The ideal way to study disease at the molecular level is to analyze cells from the affected tissues of patients—not a problem for, say, dermatologists or hematologists, who can readily obtain skin or blood cells. But neuroscientists lack such access. The brain, encased in its bony vault, is well protected from insult, injury and prying hands. So those who study brain diseases have had to make do with tissue samples obtained at autopsy.
“This has been extremely limiting,” says Herbert Lachman, M.D., professor of psychiatry and behavioral sciences and of medicine (hematology). “Diseases such as schizophrenia may begin as early as embryogenesis. But with autopsy specimens, you’re typically looking at cells from adults, many decades after the disease first developed. In addition, the cells may be from someone who abused drugs or alcohol or had taken psychotropic medications, which can make it difficult to distinguish the primary disease from secondary influences.”
Dr. Lachman has embraced iPSC technology because he realizes it could provide him with live nerve cells (neurons) from living patients.
“It was a steep learning curve—iPSC technology is extremely complex, and I made a lot of rookie mistakes,” he admits. But his efforts are paying off. Three years down the line, he has mastered the fine art of transforming skin cells into iPSCs and then tweaking iPSCs into neurons, creating a bounty of research opportunities.
In a study funded by the National Institute of Mental Health, Dr. Lachman is comparing iPSC-derived neurons from patients with schizophrenia to neurons from healthy controls. He’s particularly interested in whether neurons from the two groups differ in their microRNAs—snippets of RNA that regulate gene expression.
MicroRNAs are known to play a key role in brain development and in forming synapses (connections between neurons), says Dr. Lachman, who is also an associate professor in the Dominick P. Purpura Department of Neuroscience and the department of genetics. And evidence from a genetic disease called velo-cardio-facial syndrome (VCFS) points to a role for microRNAs in schizophrenia.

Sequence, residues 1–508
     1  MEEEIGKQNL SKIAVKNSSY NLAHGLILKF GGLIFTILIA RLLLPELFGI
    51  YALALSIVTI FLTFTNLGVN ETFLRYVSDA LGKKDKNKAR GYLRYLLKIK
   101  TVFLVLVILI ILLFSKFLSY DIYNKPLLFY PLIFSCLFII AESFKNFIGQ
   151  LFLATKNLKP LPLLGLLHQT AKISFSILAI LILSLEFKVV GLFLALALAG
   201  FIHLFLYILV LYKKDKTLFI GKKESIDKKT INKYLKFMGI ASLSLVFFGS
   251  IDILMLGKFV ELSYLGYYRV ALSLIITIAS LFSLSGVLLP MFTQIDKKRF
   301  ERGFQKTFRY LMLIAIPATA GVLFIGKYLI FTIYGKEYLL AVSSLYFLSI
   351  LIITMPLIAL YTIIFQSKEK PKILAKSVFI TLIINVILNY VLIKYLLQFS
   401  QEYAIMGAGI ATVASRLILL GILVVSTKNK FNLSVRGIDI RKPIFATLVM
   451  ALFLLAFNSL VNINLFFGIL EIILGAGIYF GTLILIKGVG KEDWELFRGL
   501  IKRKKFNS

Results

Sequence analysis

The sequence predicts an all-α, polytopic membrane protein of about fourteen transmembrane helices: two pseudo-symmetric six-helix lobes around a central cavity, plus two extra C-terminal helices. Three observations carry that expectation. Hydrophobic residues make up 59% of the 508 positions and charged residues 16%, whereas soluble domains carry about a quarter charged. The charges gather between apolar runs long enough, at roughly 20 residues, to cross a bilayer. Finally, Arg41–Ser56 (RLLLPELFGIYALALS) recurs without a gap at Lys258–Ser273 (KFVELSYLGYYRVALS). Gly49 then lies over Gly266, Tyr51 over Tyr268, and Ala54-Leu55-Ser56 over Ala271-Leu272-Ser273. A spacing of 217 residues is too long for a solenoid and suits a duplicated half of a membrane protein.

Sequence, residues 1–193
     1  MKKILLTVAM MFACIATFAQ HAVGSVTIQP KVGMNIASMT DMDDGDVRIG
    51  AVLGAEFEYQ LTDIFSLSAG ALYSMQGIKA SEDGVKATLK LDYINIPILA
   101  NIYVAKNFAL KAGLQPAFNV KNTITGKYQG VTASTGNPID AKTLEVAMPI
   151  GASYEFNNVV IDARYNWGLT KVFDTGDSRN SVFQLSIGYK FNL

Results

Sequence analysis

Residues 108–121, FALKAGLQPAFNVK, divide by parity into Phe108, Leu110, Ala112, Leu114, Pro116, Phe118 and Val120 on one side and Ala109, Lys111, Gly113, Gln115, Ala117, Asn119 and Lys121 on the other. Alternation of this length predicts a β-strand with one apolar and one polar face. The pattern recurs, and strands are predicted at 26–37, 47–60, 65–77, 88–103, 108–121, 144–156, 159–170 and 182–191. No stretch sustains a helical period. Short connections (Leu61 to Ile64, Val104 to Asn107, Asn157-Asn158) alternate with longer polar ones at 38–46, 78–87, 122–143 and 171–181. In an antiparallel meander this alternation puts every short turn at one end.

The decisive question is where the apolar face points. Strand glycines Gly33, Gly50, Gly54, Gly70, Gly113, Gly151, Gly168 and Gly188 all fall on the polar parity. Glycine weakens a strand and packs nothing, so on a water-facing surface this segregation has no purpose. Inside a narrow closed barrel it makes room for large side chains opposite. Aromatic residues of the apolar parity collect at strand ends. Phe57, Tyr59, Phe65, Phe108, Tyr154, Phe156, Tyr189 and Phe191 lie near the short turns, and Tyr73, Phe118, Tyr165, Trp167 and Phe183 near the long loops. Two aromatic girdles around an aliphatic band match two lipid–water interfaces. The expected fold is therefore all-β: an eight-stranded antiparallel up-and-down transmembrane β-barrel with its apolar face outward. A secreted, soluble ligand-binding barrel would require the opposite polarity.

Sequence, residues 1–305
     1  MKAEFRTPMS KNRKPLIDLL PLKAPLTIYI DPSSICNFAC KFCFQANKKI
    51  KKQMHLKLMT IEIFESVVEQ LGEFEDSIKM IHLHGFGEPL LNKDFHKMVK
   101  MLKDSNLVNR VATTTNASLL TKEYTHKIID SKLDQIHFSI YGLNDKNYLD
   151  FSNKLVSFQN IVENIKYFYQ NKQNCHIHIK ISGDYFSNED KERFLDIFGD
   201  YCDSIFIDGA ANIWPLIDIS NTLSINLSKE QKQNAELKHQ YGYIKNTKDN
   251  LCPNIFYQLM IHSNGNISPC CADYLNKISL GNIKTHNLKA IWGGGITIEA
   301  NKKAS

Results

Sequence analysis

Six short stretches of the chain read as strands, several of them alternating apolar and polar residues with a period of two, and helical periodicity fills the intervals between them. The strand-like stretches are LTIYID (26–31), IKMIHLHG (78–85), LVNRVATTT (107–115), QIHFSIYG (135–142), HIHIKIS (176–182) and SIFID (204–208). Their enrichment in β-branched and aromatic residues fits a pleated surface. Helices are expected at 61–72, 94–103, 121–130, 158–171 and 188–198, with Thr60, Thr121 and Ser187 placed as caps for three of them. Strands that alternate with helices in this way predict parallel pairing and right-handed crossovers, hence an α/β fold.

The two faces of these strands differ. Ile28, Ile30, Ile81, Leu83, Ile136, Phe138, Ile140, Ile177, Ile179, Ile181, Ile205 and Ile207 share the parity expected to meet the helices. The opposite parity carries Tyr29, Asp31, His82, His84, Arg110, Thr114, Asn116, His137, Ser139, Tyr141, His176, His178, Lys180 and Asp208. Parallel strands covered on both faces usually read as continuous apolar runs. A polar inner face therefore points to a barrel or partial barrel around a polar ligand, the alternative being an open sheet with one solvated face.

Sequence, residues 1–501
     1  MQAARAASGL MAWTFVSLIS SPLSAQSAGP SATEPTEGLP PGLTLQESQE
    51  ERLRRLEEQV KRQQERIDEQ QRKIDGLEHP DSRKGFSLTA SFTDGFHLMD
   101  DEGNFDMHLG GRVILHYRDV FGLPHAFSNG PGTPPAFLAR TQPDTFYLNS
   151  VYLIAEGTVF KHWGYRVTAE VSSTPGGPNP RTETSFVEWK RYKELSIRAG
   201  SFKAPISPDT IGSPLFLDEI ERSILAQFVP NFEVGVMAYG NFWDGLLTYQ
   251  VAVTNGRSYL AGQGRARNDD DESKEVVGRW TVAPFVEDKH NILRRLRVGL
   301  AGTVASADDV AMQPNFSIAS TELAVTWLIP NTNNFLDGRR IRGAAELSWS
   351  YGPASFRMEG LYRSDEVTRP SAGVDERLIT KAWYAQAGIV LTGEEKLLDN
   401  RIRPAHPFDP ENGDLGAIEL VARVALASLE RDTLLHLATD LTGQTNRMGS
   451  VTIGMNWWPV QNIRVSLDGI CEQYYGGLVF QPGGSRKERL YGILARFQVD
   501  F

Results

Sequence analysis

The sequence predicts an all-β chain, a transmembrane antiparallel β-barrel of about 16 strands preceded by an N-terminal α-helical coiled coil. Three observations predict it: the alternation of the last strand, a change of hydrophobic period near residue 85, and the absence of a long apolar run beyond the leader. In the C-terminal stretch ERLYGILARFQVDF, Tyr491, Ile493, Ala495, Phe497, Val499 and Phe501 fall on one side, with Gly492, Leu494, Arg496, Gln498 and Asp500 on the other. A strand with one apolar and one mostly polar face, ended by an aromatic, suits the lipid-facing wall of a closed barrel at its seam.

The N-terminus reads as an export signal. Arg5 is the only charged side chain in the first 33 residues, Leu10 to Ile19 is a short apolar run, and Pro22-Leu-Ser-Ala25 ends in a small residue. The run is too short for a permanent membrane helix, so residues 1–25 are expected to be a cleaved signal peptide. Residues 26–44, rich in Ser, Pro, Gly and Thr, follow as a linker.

VCFS is caused by a 22q11 microdeletion (the absence of a small portion of chromosome 22). Approximately one-third of VCFS patients suffer from schizophrenia. The specific gene defect responsible for these cases of VCFS has not been unequivocally identified, but one promising candidate is DGCR8, which codes for a protein involved in microRNA production.
Mice genetically engineered to have just one copy of DGCR8, instead of the usual two, exhibit changes in behavior, in neuronal branching (a measure of brain-cell connectivity) and in the expression of microRNAs in the hippocampus and cortex.
“Our goal is to find out which microRNAs are abnormally regulated in schizophrenia,” says Dr. Lachman, also an attending physician at Montefiore. In theory, those microRNAs could then be targeted with medications.
Dr. Lachman also wants to know whether microRNA expression is altered in patients with schizophrenia who do not have a 22q11.2 deletion. “If so, this would suggest that a single aberrant molecular pathway could account for the problems that characterize this disease, even if schizophrenia itself can originate from many different gene abnormalities,” says Dr. Lachman. “That would certainly simplify the search for a single treatment that would help most people with schizophrenia.”